In the last few weeks, COVID-19 has reshaped the country’s economy. The stock market has plummeted, and many are wondering about their personal finances. But the current circumstances also provide opportunities that can be seized, depending on your personal and financial situation. Here are 5 pieces of advice about opportunities you should seize.
Buying or selling property
“The Bank of Canada wanted to provide more accessible liquidity measures to alleviate the situation, which explains the drop in real-estate interest rates when the crisis began,” Mohamed Wakkak, senior advisor at National Bank, readily admits.
“Interest rates in general should remain low for as long as the economy remains in the state it’s in. But in the coming months the situation is likely to change quickly, which will lead to significant rate volatility,” indicates Frédéric Plamondon Simard, financial planner at National Bank Investments. “If you were thinking of buying a home, don’t wait to discuss it with your advisor. It might be the right time.”
“In real estate, everything is a matter of perspective,” tempers Mohamed Wakkak. “You should buy a home when you’re financially stable enough, because you’re seeing the future in a positive light. There’s never really a good or a bad time; it depends on the individual.”
“Right now, many notaries are working from home and real-estate transactions are still taking place. The Montreal market is still thriving,” adds Frédéric Plamondon Simard.
“Mortgage rates have gone down. While they’re likely to fluctuate in the short term, it’s a good time to buy real estate. On the flipside, if you’re already in the process of buying and there’s a chance you might experience a loss of employment or significantly reduced income, talk it over with your notary and your financial advisor,” advises Mohamed Wakkak.
“Uncertainty when it comes to job security makes buyers hesitate more,” says Frédéric Plamondon Simard. “If you’re already in the middle of a real-estate transaction – meaning you’re buying and selling property at the same time – your buyers’ financial situations may have changed since you last negotiated. They may have less money for a down payment, or they may no longer qualify for a mortgage loan. Conversely, the current situation is favourable for buyers who are solid financially – which is to say they have a sizeable down payment available and a good income – because mortgage rates are low.”
Refinancing your mortgage
“If you just bought a home, refinancing isn’t a viable option,” explains Frédéric Plamondon Simard. “It could increase your payments, which would put you in a precarious financial situation. However, if you have good equity and you’ve already paid off a large portion of your mortgage, this could be an interesting option for you.”
“Ask yourself the right questions before deciding to refinance your mortgage. Are you doing it to take advantage of lower interest rates, or because you have to invest in something major and urgent?” questions Mohamed Wakkak. “Once again, it varies case by case. And keep in mind that rates weren’t very high before the crisis began.”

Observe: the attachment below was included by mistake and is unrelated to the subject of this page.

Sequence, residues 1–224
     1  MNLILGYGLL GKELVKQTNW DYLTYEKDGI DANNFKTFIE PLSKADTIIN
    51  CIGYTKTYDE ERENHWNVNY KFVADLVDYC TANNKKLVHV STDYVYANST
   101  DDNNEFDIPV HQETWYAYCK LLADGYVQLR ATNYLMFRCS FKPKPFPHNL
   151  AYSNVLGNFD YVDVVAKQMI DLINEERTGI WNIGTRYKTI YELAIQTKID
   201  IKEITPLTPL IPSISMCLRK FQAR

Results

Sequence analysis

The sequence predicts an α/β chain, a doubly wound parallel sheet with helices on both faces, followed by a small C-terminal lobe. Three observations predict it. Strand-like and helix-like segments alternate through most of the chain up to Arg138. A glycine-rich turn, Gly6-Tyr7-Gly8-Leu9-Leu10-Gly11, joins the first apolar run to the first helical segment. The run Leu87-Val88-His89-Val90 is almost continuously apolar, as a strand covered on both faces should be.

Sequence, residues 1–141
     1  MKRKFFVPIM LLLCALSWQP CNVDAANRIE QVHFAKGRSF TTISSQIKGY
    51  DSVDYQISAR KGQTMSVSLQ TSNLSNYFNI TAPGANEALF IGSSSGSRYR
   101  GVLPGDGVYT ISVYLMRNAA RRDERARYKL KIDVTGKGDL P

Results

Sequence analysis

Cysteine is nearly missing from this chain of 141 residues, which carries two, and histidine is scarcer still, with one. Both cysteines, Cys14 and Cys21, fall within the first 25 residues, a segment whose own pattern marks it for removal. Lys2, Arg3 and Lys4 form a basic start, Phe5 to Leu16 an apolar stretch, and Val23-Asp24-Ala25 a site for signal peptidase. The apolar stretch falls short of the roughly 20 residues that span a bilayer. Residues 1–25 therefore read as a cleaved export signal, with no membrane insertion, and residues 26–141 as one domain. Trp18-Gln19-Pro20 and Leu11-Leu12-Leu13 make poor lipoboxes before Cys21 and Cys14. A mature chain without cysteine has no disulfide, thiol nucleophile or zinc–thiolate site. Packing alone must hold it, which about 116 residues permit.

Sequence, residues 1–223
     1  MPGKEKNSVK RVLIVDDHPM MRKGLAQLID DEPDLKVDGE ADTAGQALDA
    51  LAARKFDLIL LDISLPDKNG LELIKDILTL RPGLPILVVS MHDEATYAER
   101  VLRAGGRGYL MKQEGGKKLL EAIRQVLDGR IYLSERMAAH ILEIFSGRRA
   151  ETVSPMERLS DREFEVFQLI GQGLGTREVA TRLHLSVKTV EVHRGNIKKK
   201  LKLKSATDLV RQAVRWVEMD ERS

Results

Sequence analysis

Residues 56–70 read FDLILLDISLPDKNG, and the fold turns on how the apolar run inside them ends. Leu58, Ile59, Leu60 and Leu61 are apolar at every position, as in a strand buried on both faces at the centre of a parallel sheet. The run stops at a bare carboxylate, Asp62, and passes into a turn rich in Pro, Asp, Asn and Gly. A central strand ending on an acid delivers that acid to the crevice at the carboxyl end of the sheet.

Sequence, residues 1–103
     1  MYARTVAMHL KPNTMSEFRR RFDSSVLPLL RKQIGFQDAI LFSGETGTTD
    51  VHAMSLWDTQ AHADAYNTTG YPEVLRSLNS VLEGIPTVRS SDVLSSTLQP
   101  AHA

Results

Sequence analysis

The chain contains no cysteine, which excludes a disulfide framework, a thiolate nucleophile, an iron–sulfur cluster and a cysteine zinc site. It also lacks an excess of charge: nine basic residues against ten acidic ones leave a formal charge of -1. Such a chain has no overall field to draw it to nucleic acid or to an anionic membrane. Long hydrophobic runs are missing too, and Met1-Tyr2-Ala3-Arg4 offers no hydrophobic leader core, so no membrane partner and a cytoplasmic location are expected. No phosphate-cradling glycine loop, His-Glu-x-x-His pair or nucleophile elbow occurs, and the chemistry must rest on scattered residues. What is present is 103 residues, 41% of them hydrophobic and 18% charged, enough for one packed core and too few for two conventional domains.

If you work in a risky industry or if you think you might experience financial difficulty, consider consolidating your debts. Lower interest rates could play to your advantage considerably. Most importantly, don’t wait to talk about it with your advisor.
“The current stock market is full of opportunities when it comes to investments,” Frédéric Plamondon Simard points out. But avoid making decisions on a whim. Before selling or buying, think about the goals that are motivating you to save and invest. Evaluate your short- and long-term risk tolerance. Then develop a plan with your advisor.”
“In terms of investing, diversification is always the best strategy,” Frédéric Plamondon Simard reminds us. “Don’t put all your eggs in the same basket. What we mean by that is build a portfolio that includes asset classes that respond differently to market fluctuations. You can work with your advisor to assess whether your current portfolio allocation meet your objectives based on your risk profile.”
It’s also a good time to set up or reassess your retirement plan with the help of an advisor. If you have a retirement plan, see if the drops in the market have an impact on your 20- and 30-year forecast horizons. Your goals may have changed, or the current situation may not have any effect on the calculations that were made.
Learn from this exceptional situation and re-evaluate your savings. The first thing to do is to set up an emergency fund that will help you cover unexpected expenses or a potentially reduced income. Saving the equivalent of three to six months’ worth of salary is recommended; this would allow you to cover your recurring expenses, such as your rent, your bills, groceries, loan payments, etc.
“If you set up a systematic savings plan to create an emergency fund, we recommend having six months’ worth of savings if you’re self-employed, and three months’ worth if you’re salaried,” Frédéric Plamondon Simard points out.
Another way to make sure you’re prepared is to review your mortgage insurance, your personal loans and your credit lines in case of illness or disability. Independent workers are particularly vulnerable to these risks and should get insurance before they run into any unexpected situations.
Note: The information contained in this article is provided for illustration purposes only and is not exhaustive. For advice about your personal and business finances, and to determine whether the opportunities described in this article would benefit you, please consult your National Bank advisor or, if applicable, an expert (accountant, tax expert, lawyer, etc.).
Financial planning services are offered by National Bank Investments Inc. (NBI), a wholly owned subsidiary of National Bank of Canada. NBI is registered as a financial planning firm in Quebec.
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